Fairer Scotland

What do you want?

June 22, 2015 by 5 Comments | Category Uncategorized

Yestival lecture

By Robin McAlpine [Director, Common Weal].

“What do you want?”. It can be the jovial offer of help from a cheerful shopkeeper or the terse suggestion that you should probably go away as uttered by a harassed parent or a deep, existential question about your hopes for the future asked by a friend in the wee hours or the exasperated cry of a partner weary of ingratitude. So how you ask a question can be just as important as the question you ask.

These are exciting times in Scotland. Whatever side you took during the referendum, the act of being asked the question ‘what do you want to be’ opened up a million conversations that stretched well beyond a Yes or No to independence. Many of us, activist or not, got into the habit of asking big questions of ourselves and our friends about the kind of society in which we want to live, the kinds of values we want to shape our nation and so on.

This felt so refreshing in part because asking big questions of ourselves and each other is not something the political culture of the West has encouraged over recent decades, a period dominated by politicians-as-managers and citizens-as-consumers. A lot of people in politics and in the media came to believe that people didn’t really want to talk about or think about the big issues of the world, that people just wanted security and comfort (possibly with a dash of greed and self-interest) and a big, father-like state to ‘just do it for us’.

Consultation sort of took over from involvement, so rather than be involved in shaping your community or your public services or the debate about how government should operate we were instead given questionnaires to fill out. Then, when what happened as a result didn’t match up to what we said we wanted when we filled out the questionnaire, we began to believe that no-one was really listening, that our views weren’t really wanted, that the whole thing was not about helping us to shape government but about helping government to manage us.

This does none of us any good. It does us no good to distrust how our society is run because we become cynical and we expect the worse and then come to accept it. It does government no good because it becomes alien to the people it is supposed to govern on behalf of, becomes mistrusted.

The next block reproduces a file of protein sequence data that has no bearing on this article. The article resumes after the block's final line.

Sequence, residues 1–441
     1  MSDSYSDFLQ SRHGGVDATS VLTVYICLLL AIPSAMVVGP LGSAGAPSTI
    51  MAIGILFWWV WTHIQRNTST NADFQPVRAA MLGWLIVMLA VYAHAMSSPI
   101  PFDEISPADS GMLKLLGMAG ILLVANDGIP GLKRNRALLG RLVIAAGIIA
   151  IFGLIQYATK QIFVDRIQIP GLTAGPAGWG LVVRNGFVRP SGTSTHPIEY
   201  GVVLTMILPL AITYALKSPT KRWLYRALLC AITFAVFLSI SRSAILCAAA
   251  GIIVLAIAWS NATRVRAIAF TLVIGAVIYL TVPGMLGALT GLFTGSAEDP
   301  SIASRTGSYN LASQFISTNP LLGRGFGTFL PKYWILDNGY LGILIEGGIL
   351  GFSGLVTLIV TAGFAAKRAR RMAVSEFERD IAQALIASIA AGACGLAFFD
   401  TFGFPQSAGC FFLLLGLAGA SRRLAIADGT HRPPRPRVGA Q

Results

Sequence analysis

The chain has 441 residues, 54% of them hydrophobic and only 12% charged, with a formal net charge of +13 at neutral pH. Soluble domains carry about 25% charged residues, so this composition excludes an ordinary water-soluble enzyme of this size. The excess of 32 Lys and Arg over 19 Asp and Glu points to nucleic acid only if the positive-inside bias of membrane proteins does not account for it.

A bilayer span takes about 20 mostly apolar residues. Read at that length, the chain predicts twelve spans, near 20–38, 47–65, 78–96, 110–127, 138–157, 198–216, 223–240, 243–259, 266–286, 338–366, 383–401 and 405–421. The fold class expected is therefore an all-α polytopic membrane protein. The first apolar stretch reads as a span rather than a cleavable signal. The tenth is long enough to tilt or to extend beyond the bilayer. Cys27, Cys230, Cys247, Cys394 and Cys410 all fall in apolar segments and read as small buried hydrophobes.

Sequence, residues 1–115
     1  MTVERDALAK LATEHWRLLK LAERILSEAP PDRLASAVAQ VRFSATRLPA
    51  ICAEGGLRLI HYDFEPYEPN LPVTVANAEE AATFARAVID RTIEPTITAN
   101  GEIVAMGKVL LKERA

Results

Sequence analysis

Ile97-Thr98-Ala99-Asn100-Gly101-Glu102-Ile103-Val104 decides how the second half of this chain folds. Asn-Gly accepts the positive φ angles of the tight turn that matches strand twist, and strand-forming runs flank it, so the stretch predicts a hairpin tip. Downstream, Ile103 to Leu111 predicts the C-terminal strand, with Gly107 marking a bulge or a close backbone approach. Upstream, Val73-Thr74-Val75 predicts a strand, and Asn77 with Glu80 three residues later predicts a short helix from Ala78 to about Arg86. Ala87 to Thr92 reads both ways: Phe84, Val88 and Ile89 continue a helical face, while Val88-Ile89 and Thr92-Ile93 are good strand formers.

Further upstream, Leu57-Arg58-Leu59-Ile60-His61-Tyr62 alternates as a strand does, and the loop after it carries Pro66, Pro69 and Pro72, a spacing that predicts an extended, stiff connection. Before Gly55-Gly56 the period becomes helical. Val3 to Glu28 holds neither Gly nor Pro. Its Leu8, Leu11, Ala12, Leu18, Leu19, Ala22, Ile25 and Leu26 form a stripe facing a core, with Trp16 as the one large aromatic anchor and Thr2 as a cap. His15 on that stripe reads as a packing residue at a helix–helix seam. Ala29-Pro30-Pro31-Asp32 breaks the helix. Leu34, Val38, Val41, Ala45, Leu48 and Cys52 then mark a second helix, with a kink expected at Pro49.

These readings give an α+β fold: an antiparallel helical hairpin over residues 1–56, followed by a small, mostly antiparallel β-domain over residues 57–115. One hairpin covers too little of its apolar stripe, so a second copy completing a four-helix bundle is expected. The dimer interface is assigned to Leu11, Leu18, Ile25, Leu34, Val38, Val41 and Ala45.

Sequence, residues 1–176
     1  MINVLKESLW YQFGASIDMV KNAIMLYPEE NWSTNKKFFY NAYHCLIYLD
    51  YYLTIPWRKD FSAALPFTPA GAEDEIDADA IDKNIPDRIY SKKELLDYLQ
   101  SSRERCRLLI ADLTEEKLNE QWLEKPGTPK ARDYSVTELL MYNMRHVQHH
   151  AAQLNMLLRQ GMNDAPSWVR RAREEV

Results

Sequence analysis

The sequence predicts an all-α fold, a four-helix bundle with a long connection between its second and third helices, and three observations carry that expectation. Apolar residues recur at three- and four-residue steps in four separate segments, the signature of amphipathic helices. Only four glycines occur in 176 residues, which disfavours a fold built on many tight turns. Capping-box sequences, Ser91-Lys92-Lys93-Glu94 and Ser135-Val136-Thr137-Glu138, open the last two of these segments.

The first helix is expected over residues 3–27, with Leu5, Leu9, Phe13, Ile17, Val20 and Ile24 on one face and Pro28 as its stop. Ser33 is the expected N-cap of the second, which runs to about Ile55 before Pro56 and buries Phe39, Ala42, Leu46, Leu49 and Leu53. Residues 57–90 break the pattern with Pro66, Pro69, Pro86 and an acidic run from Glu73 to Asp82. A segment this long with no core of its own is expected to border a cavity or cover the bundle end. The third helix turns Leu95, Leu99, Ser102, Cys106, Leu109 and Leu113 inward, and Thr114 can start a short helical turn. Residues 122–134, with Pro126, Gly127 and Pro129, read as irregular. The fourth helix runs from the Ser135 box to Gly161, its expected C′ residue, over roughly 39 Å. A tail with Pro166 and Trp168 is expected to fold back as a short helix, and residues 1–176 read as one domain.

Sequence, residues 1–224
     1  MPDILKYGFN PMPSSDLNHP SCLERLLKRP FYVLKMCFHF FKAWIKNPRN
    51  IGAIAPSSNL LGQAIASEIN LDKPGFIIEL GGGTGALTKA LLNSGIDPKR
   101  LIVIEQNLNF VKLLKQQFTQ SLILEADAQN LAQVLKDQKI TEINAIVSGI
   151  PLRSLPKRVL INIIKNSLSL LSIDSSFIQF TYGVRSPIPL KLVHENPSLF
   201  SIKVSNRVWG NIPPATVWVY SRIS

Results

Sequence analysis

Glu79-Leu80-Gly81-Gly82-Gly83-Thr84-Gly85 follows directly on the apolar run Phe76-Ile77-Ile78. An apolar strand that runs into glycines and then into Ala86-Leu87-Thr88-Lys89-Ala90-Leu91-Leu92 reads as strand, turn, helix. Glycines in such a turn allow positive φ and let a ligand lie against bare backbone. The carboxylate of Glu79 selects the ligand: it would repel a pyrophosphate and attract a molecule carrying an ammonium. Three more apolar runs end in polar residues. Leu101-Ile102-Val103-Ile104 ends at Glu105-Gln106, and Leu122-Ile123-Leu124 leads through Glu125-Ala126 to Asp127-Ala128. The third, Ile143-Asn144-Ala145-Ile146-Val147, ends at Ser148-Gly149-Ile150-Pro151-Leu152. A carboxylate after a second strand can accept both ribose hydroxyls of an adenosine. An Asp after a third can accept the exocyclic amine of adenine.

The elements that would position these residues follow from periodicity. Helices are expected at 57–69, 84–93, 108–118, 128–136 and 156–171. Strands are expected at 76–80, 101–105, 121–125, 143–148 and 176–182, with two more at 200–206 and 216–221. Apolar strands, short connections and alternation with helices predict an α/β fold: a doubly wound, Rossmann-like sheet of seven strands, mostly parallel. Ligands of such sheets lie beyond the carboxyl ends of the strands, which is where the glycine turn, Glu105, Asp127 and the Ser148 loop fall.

So we have to change how we do things, and I believe the idea of a ‘participatory democracy’ is our way forward. There are a whole range of ways that we can give people control over the decisions that are made on their behalf, or get them deeply involved in designing the services they use, or let groups of citizens provide advice on which direction to choose. However we move forward a democracy that sort-of assumes that its citizens are either disinterested in how their lives are run or are somehow incapable of making decisions for themselves is bound to fail in the long term. We’re not idiots and we don’t like being treated like idiots.

So we should very much welcome the question being asked by the Scottish Government. ‘What do you want?’. It is, I’m reassured, being asked because everyone involved really wants to know. So it is a question being asked honestly and openly. I want a society which is based on mutual respect and sharing, which provides us security from fear and anxiety (of ill health, of economic distress, of hunger and cold, of our personal safety), which encourages us to be better and more engaged citizens, not just more avaricious consumers, which values social spaces where we can meet and share (from your community hall which should be just round the corner to the children’s play park which ought to be at the end of your street), which really tries to leave our environment in a better state than we found it, that tries always to reduce violence, that lives peacefully in a world family of nations. I want to be happy. I want my family and my friends to be happy. And I want the many people I don’t know to be happy too.

So how you ask a question matters – but so does how you answer it. If the Scottish Government comes to your town and asks you what you want, and if you don’t take the chance to tell them – really tell them – then that’s your fault. If they don’t listen, that’s their fault. So don’t let anyone off the hook. It is time for us all to talk about how we want to live, what we want our nation to be. And its time to state that answer in such a way that we can’t be ignored again.